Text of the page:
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I've been curious about this thread as well as I'm looking to get into a Triumph. I currently ride a Vulcan 500, but am ready to upgrade and I went to test ride an America. It was great, but the the dealer put me on a Thunderbird and I haven't been able to get that out of my mind ever since!

There are more used Speedmasters and Americas out there and for a lot less bread than a Thunderbird, so it seems like maybe a good choice to just start with a smaller Triumph. But am I gonna be longing for the T-Bird even if I get a new Speedmaster/America? I'm thinking yes, especially after reading threads like this one. I'd also like to hold out for a bike with ABS. It rains a lot here in Oregon.

But coming up from a Vulcan 500, I wonder if I should just make a small size jump to my next bike. By that I mean get the 1600cc Bird instead of the 1700cc :)
Ok one thing to keep in mind when reading a thread like this is very few people that pay $5,500 to $6,800 more for a motorcycle will ever say it is anything other than superior to their previous ride.

Also read through the tech forums of both bikes, look at problems people are reporting not modifications. Coolant leaks, belt noise, electrical, paint issues etc. Compare newer bikes of course.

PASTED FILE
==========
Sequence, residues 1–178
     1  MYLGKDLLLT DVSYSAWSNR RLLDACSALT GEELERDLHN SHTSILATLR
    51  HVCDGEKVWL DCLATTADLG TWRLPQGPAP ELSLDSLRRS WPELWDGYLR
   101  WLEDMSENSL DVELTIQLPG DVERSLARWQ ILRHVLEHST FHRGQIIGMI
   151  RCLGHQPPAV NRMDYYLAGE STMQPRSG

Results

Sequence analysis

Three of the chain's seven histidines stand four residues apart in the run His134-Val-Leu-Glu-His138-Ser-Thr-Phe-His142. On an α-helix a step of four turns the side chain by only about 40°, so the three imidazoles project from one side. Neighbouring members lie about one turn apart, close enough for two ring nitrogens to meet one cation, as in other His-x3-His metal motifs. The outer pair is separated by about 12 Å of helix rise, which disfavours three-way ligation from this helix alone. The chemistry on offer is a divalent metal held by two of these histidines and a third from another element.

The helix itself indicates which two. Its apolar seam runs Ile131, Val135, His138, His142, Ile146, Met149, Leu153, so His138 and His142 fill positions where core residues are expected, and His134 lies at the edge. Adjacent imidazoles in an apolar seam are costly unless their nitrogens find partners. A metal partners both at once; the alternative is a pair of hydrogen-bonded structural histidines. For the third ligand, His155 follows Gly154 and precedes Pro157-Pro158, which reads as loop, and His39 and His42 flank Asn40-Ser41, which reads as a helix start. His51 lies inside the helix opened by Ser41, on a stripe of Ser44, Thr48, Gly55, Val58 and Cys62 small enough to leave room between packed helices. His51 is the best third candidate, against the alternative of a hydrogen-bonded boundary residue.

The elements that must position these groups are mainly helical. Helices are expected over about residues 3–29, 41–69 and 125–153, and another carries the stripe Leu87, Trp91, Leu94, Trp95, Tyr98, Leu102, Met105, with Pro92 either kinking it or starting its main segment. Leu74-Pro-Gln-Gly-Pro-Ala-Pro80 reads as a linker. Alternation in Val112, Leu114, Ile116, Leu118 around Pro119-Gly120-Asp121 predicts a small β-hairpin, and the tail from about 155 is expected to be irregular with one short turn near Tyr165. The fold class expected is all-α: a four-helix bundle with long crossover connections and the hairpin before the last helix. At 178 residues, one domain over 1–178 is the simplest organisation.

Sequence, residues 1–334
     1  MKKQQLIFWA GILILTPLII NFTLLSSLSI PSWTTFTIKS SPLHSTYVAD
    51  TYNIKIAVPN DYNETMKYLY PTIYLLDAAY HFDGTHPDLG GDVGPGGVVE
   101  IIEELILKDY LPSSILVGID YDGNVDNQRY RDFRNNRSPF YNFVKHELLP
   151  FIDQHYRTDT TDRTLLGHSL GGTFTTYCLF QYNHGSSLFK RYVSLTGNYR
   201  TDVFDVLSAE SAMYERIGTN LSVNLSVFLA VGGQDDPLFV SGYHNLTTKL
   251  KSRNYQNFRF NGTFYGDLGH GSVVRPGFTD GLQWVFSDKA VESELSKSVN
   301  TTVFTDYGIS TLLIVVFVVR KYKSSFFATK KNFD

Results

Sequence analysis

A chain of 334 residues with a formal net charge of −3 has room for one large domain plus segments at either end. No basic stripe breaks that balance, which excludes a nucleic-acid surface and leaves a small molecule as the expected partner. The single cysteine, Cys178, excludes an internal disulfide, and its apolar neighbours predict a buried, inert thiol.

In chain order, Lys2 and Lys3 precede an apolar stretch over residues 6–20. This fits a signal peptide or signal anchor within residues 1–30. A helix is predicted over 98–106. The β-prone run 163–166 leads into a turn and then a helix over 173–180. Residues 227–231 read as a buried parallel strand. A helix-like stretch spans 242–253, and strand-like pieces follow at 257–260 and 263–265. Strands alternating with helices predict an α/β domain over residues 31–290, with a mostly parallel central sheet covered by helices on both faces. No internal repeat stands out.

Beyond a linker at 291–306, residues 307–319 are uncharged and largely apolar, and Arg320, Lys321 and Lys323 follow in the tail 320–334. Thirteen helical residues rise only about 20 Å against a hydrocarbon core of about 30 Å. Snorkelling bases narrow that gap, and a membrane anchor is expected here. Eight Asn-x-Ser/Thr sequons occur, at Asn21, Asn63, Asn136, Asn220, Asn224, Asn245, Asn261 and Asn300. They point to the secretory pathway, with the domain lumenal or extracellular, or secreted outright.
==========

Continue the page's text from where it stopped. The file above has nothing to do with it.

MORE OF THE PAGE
As far as physical size the America and Thunderbird have almost identical wheelbases and the America is slightly longer overall. The '11 and newer Americas have 10mm lower seat height than the T-Bird and of course 200lbs less weight.

I rode each bike several times and liked them both. To me the much lighter America was more agile and the T-bird more straight line stable.

In the end I prefer the essential classic style of the air cooled America. As others have said the Thunderbird looks like someone put a parallel twin in a Japanese cruiser. In a few years I may want something different, perhaps by then Triumph will work the T-bird's style out.

...go ahead, fire away.
 

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Ok one thing to keep in mind when reading a thread like this is very few people that pay $5,500 to $6,800 more for a motorcycle will ever say it is anything other than superior to their previous ride...